53-27 Winnfield, so Thomas was pulled after his 8th touchdown.  That gave him 486 yards rushing on 23 carries, a 21-yard per carry average. That total bettered his single-game school record by 207 yards.  His first half total of 220 yards would have ranked 11th on the school's all-time record and his second half total of 266 would have ranked 4th. In sum, he averaged 49.75 yards per run on his eight touchdown runs.  On his other 15 carries, he gained 88 yards for a mere mortal 5.9 per carry average.

Trips or Better – Three or More Touchdown Passes

One rarity in Winnfield Tiger football is for a quarterback to throw three or more touchdown passes in a single game. That has only happened thirteen (13) times in the history of the program; with John C. Jones' three passing touchdowns in Winnfield's 2001 playoff game against E. D. White being the only time that feat was accomplished in either the 1990s or 2000s. The first to accomplish that feat was Ray Jenkins in 1936.  What made that so rare was that this was also the first time a player had thrown even two touchdown passes in a single game, as most teams prior to the 1950s rarely threw 3 touchdown passes in a single season.  It would be thirty years before triple touchdown passes would be thrown again, that coming when Ricky Jordan tossed three TD passes against Jena.  Two Tiger quarterbacks account for 9 of the 13 games in which 3 or more TD passes were thrown.  Steve Adams had four games between 1971 and 1972 when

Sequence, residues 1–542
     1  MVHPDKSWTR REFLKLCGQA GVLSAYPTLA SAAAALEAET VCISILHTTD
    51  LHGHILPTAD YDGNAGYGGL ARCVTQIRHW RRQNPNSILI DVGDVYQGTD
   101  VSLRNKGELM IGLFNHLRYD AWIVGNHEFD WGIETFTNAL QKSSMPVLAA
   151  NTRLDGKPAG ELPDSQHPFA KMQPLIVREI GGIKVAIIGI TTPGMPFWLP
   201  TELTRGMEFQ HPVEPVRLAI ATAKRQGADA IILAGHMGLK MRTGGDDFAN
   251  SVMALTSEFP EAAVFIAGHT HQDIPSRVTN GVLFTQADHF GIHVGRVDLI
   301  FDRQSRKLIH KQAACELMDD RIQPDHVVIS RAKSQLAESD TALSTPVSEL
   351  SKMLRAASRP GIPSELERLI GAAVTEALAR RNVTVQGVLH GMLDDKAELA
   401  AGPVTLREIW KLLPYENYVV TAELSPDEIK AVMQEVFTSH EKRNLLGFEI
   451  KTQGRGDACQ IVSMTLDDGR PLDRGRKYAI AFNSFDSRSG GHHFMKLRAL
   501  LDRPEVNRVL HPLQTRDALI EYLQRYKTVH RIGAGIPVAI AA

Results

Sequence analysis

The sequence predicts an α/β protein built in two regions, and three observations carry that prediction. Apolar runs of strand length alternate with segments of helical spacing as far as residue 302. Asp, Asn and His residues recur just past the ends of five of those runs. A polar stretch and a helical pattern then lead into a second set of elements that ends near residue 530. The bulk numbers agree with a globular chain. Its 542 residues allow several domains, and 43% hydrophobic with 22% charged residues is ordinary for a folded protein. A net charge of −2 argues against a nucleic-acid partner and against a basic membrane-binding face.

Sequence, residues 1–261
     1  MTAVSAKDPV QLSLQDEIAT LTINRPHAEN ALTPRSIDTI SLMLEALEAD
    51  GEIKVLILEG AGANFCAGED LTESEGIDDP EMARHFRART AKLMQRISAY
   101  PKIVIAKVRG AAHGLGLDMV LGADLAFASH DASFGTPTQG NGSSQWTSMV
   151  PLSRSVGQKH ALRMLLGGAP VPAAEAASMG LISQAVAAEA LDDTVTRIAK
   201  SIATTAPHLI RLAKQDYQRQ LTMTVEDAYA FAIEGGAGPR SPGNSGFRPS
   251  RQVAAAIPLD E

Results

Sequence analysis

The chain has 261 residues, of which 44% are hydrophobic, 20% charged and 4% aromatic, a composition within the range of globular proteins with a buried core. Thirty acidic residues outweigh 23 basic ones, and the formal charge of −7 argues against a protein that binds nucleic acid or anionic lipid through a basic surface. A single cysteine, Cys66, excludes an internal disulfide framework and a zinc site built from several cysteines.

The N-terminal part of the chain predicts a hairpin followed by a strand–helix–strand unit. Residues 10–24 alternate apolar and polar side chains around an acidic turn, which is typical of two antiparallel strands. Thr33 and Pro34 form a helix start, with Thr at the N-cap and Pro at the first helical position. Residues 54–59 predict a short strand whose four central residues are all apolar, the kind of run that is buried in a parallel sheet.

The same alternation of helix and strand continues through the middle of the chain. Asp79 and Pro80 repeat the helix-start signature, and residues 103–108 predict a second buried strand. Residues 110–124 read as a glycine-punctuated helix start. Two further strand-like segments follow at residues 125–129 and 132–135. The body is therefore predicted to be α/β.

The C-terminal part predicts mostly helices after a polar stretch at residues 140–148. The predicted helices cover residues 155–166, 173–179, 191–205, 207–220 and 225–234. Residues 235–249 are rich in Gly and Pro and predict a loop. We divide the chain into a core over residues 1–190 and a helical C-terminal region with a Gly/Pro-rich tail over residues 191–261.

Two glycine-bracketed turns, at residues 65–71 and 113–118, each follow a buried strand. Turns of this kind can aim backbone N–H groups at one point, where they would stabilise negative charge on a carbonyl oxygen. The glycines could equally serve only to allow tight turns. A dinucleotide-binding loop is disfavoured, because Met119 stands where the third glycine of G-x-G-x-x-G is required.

he threw three TD passes.  Matt Machen threw three TD passes in three games of the 1989 season.  Both Adams and Machen had one game where they threw four TD passes, with Adams' coming again Oakdale in 1972 and Machen's coming against Fair Park in 1988.  But, one quarterback topped all of that by throwing six (6) TD passes in a single game.  That came when sophomore quarterback Lyn Bankston faced Tioga in a 1974 match up.  Three of those went to Freddie King on TD's of 25, 15 and 11 yards.  The other three were spread around three different players, including Henry Jones (16 yards), Nathan Johnson (45 yards) and Mike Kimble (34 yards).  For the night, Bankston completed 13 of 27 passes for 207 yards.  That same night King joined David Harper (1936) and John Wayne Williams (1971) and Glen Anderson (1972) as the only players to catch three TD passes in a single game.